St Georges Day -23 April 2023
Here’s what you might not know about St. George’s Day:
Take a close look at the English flag. That red cross over a white background has meaning. It’s St. George’s Cross — a symbol so closely intertwined with English national identity that St. George has his national holiday.
The legend of Saint George and the Dragon describes the saint taming and slaying a dragon that demanded human sacrifices. We celebrate St. George’s Day on April 23 — the anniversary of his death in 303 AD.
The patron saint of England has captivated British imaginations since the Crusades and the Hundred Years’ War. Perhaps the most British of all holidays, this special day is a chance to let your English flag fly, literally and figuratively.
HISTORY OF ST. GEORGE’S DAY
Immerse yourself in the grand tale of the knight, St. George, and his unforgettable battle against a dragon. St. George is the patron saint of England and his symbol is a red cross over a white backdrop — the same red cross incorporated into the flag of England. His emblem was brought to England by Richard the Lionheart in the 12th century and was worn by the king’s soldiers in battles.
St. George was born in what is present-day Turkey. Following his father’s steps, he became a soldier and quickly rose in the ranks of the Roman army, ending up as a personal guard to Emperor Diocletian. When the emperor ordered the persecution of Christians, St. George refused to follow his orders and participate in this. He was tortured and executed in 303 A.D. in Palestine, where he is now buried.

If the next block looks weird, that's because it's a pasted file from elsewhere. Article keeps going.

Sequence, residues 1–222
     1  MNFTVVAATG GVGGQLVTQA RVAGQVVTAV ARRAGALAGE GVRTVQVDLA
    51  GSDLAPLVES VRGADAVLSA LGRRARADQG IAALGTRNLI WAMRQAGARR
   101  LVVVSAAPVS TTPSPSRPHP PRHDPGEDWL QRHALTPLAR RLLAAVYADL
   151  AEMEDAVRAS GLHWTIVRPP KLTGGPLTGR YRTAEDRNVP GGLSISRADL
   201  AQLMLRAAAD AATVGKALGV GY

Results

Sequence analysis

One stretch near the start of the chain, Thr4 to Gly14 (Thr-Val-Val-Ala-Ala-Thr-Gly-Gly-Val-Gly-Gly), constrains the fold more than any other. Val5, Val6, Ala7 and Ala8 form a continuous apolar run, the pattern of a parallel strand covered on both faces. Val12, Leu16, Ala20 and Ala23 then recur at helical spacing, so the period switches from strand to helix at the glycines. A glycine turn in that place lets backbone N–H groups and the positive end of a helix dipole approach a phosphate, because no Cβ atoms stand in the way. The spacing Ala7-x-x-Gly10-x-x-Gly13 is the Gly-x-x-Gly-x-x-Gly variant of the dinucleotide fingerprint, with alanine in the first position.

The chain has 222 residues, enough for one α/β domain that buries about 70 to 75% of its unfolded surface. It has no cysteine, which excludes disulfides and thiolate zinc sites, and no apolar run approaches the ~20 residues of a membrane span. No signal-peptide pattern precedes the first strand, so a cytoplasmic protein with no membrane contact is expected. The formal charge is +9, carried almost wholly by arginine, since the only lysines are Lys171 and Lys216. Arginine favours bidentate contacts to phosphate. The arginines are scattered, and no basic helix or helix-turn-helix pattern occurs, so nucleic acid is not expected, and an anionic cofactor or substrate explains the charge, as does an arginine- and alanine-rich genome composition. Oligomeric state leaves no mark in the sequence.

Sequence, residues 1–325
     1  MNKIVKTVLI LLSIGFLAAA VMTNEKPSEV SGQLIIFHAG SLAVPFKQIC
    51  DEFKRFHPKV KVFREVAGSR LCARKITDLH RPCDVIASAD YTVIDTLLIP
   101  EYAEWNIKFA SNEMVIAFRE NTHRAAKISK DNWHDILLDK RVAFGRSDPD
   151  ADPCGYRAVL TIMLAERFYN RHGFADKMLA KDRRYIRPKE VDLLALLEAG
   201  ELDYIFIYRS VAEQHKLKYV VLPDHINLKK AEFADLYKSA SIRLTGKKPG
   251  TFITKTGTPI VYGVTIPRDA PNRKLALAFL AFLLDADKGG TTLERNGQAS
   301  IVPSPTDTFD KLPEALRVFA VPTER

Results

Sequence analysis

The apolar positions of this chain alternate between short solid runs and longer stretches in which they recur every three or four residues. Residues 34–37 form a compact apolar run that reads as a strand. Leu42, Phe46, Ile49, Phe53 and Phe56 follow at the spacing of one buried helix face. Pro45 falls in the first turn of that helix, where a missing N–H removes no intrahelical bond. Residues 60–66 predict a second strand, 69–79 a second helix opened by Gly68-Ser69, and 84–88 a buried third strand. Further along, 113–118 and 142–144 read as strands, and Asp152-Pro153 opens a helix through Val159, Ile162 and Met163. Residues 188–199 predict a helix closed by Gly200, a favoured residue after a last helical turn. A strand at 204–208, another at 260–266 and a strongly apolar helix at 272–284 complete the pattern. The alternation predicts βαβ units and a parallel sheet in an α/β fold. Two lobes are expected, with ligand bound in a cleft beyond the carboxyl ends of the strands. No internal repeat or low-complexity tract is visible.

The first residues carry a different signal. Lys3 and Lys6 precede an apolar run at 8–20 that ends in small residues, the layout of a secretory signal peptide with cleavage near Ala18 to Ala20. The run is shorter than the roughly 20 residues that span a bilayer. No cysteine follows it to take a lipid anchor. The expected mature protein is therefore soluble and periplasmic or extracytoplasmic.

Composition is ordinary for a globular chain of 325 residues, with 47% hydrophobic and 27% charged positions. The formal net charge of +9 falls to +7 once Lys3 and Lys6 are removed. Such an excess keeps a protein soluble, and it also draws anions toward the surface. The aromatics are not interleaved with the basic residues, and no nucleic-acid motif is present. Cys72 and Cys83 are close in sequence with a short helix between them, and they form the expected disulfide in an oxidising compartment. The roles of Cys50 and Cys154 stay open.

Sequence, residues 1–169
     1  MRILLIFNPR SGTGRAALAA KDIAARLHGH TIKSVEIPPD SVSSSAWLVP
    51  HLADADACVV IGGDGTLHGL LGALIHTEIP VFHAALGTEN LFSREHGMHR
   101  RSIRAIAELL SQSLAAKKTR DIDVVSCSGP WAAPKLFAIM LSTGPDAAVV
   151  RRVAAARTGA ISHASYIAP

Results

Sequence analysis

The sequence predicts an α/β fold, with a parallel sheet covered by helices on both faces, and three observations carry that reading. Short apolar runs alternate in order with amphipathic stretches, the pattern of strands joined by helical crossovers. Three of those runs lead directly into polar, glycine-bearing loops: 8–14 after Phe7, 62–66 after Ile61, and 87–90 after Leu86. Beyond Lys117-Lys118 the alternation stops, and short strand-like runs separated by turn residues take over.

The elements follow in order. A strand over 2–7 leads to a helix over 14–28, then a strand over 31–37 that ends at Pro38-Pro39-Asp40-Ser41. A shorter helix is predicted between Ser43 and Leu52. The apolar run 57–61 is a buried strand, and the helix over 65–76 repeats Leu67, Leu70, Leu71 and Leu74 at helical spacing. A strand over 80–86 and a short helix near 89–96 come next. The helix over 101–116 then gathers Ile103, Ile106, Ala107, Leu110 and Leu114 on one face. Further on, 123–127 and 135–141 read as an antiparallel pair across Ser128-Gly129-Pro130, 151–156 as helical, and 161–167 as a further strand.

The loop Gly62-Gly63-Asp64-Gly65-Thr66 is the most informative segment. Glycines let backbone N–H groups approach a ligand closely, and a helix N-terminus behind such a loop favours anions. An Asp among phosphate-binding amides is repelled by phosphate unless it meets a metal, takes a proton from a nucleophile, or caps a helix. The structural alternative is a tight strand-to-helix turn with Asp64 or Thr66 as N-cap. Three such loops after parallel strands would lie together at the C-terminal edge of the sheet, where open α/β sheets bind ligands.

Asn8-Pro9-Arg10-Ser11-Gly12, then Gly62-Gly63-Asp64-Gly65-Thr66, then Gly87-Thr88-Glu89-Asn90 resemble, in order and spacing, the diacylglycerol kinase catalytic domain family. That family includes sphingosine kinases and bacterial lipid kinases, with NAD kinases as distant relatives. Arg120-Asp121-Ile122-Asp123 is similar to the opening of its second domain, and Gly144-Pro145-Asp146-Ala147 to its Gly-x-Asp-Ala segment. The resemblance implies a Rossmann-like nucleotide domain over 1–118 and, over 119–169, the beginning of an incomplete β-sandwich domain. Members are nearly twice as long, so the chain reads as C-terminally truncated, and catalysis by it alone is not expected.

The story of St. George slaying a dragon is well-known. The town of Silene was captured by a dragon. The locals would offer a human sacrifice to the dragon every day. When St. George was visiting the town, a princess was chosen to be sacrificed. So he killed the dragon and saved the people of Silene. To express their gratitude, the locals converted to Christianity.
St. George’s Day celebrations were on par with Christmas once. But the excitement waned towards the end of the 18th century when England unified with Scotland on May 1, 1707. The holiday has gained traction in recent years, with campaigns and petitions to make the day a public holiday in England. St. George is also the patron saint of other countries like Greece, Portugal, Bulgaria, Ethiopia, and Russia. Apart from St. George’s Day, several other holidays are devoted to him, including April 23 and a few in November and December.